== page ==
On the way to Maui we almost missed our flight. The gate agent informed us that the gate was closing in three minutes and they were pulling our bags from the plane.
I told her that we were quite prompt, then, arriving exactly three minutes early! Mercifully, they still let us onboard.
The two of us were late because I convinced Mike that we had plenty of time during our layover to grab a sandwich from the USO. I’m deeply invested in snacks these days. It turns out that we did not, in fact have enough time, and certainly not plenty of it. We made the flight only because I sweet-talked the TSA agents into letting us skip the security line and then sprinted down the tile floors of Terminal 7– all while carrying a neck pillow, carry-on bag, and 7-months incubated baby. Luckily and for now, I can carry the baby hands-free. It’s so convenient.
All the other passengers had arrived way earlier. They were seated, buckled, and half asleep by the time Mike and I boarded. These were the people with a vacation plan, a Hawaiian island plan. Most of the women had fake plumeria flowers clipped in their hair and the men had linen shirts with polarized sunglasses dangling around their unbuttoned collars.
We squeezed down the narrow aisle while I wondered if I remembered my sunglasses. I silently applauded myself for remembering both the neck pillow and the baby.
I am told that that our variety of vacation was called a “babymoon.” It is like a honeymoon, but different because the bride has gained lots of weight and everyone already knows the marriage has been consummated. Wikipedia defines a babymoon as the trip a couple takes to enjoy time together before sacrificing sleep forevermore. I try not to think about that last part. It makes me too tired.
The grown-up part of me categorized our babymoon as a strategic parenting conference for parents-to-be, a time devoted to coordinating a list of in-house parenting criteria.
Pinterest taught me that all good parents keep chalkboards in their house with neatly displayed household criteria: “In the house, we believe…” I thought that maybe in Maui we would figure out what to put on our chalkboard.
But instead of chalkboard-strategizing, Mike and I spent the whole week being our reckless selves, hiking and exploring and talking to strangers. We sat in silence at scenic lookout points, watched surfers dance on giant waves, snorkeled in a wild aquarium known as the sea. We climbed on lava rock and drove up serpentine roads that pierced through lazy clouds. We jumped into a waterfall at the end of one trailhead and the water felt like refrigerated betrayal. The island sun bleached my eyebrows into invisibility and the ocean mist gave my curly hair an untreatable case of rabies, but I didn’t care. On vacation you’re allowed to look like a lunatic. That’s what I kept telling Mike. He mostly looked like a sun kissed version of normal during the vacation.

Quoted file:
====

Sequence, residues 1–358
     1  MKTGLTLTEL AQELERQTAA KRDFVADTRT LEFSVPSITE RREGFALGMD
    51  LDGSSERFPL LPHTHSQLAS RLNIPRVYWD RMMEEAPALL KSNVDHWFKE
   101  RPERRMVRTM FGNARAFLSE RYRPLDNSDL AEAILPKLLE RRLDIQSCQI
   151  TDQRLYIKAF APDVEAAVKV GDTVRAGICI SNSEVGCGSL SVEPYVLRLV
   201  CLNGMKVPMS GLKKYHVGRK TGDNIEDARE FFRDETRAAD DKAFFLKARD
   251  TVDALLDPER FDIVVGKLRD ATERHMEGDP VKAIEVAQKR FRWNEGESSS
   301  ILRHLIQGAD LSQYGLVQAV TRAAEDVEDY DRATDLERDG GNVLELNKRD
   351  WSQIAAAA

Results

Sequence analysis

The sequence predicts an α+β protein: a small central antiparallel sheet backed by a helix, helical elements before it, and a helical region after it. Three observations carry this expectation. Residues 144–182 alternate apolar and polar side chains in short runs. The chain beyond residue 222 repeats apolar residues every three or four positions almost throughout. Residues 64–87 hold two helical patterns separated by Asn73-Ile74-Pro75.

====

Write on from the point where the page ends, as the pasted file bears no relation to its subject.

By the the end of the trip I realized we still didn’t have a strategy. We didn’t have anything to put on a parenting chalkboard. Neither of us knew how to finish the sentence, “When we are parents….”
So on the flight home, I brought my laptop. I resolved to use the five hour flight to blog, write, or journal until a strategy surfaced. The plane took off, I fell asleep, read a book, and then accidentally watched an entire in-flight movie about magicians who rob a bank. After the movie ended, I spent a great deal longer contemplating how Morgan Freeman accidentally got cast in the movie as the bad guy. It didn’t make any sense.
Then the plane abruptly landed in California. I de-boarded, yet again, without a chalkboard strategy. I also de-boarded without the laptop. It had slipped beneath the seat in front of me while I was distracted by Morgan Freeman, my hunger, and the disorientation of traveling across time zones.
It’s now been a week and I’m still waiting on both my laptop and my eyebrows to be returned to me.
That is why this blog post has been sitting in my draft box for the past seven days. That is why I’m writing today on Mike’s college computer, the one without crumb confetti wedged in the the keyboard and without a single piece of file clutter on the desktop. It’s like writing in a hospital, but I’m doing it anyways.
And now– as I write and blog— some clarity rises to the surface. I realize that our real-life parenting strategy can be summed up in the highlights of the past reckless week. It seems that we accidentally cultivated a value-system through experience, which may be the only way to do it.
So in this house…
- We try to make it to places on time. Sometimes we do. Just barely.
- We value fitness, because in a pinch (and in Terminal 7), running helps us accomplish goal #1.
- We think the word “effortlessly” should be easier to say.
- We hike and explore and talk to strangers. When we see mountains, we try to climb them. Sometimes we jump into waterfalls, if only to remind ourselves to use better discretion next time.
- We understand that it’s okay to look like a lunatic. This comes more naturally to some than others.
- We prefer movies where Morgan Freeman is either a) the good guy, or b) the narrator.
- We disagree on how to properly maintain a computer.
- We are our reckless selves, for better or for worse.
- We are thankful for grace, because of #8. We forget things, lose things, risk things, and each time we recover, because grace lives here, because Jesus sources it for free.
That’s as far as we have gotten. It would be nice if the list rounded out at 5 or 10 things, but it’s still evolving. Like us. Like this baby. Like this house. It’s a reckless work in progress.